Id. at 430-31 (quoting Edward E. Bintz, Fiduciary Responsibility Under ERISA: Is There Ever a Fiduciary Duty to Disclose?, 54 U. Pitt. L. Rev. 979, 998 (1993)).

ComEd made affirmative representations to Mr. Beach. Employing the materiality test, I would uphold the district court's determination that the misrepresentations made to Mr. Beach were material. "Where an ERISA fiduciary makes guarantees regarding future benefits that misrepresent present facts, the misrepresentations are material if they would induce a reasonable person to rely upon them." Ballone, 109 F.3d at 122. In addition to considering the "serious consideration" given to a plan, the following factors are utilized in deciding materiality:

[1] how significantly the statement misrepresents the present status of internal deliberations regarding future plan changes, [2] the special relationship of trust and confidence between the plan fiduciary and beneficiary, [3] whether the employee was aware of other information or statements from the company tending to minimize the importance of the misrepresentation or should have been so aware . . ., and [4] the specificity of the assurance.

Id. at 125 (citations omitted).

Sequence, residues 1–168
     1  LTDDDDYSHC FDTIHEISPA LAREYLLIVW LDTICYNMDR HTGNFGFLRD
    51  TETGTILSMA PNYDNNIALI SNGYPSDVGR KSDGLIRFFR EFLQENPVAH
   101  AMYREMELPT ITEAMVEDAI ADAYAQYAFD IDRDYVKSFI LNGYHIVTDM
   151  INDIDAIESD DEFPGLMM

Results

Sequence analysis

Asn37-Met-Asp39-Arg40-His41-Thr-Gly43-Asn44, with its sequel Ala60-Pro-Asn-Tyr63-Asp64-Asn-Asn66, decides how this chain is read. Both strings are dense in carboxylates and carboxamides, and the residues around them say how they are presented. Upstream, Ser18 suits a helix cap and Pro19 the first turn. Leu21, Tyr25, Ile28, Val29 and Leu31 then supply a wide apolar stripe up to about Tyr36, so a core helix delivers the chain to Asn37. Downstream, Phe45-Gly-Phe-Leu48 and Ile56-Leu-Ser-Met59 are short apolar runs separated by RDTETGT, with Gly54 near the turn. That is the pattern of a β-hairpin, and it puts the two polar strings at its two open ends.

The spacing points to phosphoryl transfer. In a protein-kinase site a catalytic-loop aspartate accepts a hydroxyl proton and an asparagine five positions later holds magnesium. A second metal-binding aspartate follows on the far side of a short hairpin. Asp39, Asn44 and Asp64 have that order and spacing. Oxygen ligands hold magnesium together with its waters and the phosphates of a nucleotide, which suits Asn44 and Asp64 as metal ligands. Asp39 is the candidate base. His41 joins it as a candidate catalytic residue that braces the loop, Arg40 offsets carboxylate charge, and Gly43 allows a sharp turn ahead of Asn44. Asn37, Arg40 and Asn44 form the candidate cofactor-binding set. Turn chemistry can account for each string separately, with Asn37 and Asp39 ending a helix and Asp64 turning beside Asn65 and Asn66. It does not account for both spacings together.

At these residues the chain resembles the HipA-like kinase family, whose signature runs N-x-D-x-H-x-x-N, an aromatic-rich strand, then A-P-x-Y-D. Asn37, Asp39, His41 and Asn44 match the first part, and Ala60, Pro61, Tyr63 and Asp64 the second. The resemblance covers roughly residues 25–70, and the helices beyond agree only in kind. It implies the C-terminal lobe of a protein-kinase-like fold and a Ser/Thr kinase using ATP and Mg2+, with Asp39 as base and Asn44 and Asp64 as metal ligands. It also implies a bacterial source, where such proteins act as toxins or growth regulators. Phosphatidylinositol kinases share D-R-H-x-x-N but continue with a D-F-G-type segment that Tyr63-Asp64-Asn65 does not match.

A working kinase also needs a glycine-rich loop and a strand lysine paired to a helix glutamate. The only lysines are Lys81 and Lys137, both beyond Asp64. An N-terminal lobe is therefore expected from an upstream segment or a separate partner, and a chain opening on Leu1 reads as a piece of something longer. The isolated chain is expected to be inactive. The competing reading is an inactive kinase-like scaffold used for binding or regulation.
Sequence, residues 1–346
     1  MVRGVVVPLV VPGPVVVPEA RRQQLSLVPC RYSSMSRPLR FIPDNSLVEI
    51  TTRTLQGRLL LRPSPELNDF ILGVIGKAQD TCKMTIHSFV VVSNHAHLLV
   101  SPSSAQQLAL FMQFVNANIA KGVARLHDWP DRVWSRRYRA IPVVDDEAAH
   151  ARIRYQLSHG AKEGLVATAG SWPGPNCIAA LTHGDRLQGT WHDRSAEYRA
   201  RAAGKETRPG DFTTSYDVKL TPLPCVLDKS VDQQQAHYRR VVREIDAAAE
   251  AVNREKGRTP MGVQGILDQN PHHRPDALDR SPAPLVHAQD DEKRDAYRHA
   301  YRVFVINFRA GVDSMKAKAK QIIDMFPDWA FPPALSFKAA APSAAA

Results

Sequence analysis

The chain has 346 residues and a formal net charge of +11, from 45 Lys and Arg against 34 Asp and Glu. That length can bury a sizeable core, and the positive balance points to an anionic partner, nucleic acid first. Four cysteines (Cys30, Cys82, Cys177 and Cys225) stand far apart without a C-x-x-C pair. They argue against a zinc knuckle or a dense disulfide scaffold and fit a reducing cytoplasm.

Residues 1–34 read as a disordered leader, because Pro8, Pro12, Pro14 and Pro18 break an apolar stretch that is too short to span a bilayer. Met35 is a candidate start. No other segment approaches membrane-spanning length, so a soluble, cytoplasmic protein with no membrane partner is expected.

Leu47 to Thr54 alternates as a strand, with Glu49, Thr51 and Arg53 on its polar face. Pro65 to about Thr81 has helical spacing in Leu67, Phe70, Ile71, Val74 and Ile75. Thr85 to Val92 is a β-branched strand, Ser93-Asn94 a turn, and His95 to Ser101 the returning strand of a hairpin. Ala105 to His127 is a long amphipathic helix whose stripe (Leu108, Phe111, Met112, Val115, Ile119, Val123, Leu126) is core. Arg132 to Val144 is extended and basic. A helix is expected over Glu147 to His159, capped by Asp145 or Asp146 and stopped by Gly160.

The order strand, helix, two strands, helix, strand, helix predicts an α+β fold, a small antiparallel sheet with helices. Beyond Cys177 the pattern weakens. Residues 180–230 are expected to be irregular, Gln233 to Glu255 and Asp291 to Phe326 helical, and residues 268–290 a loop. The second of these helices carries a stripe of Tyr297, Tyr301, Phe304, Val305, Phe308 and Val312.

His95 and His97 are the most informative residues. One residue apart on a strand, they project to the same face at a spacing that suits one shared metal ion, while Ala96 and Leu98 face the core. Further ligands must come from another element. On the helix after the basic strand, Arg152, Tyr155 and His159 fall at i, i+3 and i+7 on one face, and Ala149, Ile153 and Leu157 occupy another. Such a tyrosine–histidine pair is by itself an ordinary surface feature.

Mr. Beach was repeatedly told that "absolutely" the company was not going to offer his department (Transmission & Distribution or T&D) a package and even if ComEd were considering a package, T&D would not be included. Statement of Uncontested Facts ¶ 70. Contrary to ComEd's assertions, these representations significantly "misrepresent [ed] the [then-]present status of internal deliberations." Ballone, 109 F.3d at 125. There is no evidence in the record that ComEd definitively had decided it would not, after reorganization, offer a severance plan; indeed, there are not even any facts that would suggest that conclusion. See id. at 126 (explaining that misrepresentations are "statements that the employer knows to be false, or that have no reasonable basis in fact"). On the other hand, evidence supports that there was a possibility that the reorganization study in T&D would ultimately result in the offering of a severance plan to some employees in T&D. For example, it is undisputed that documents in the record indicate that, as of June 1997, the reorganization plan called for excess employees in T&D, and that between 1994 and 1997, ComEd dealt with excess employees through involuntary and voluntary severance packages on twenty to thirty occasions. Of course, the record supports that, at the time of the misrepresentations, there was a possibility that no severance plan would be offered in T&D, but as Mr. Beach explained: "ComEd does not explain how the possibility that a package might not be offered could render a specific assurance that a package for his department was an impossibility a truthful and complete statement of then existing fact." Appellee's Br. at 41.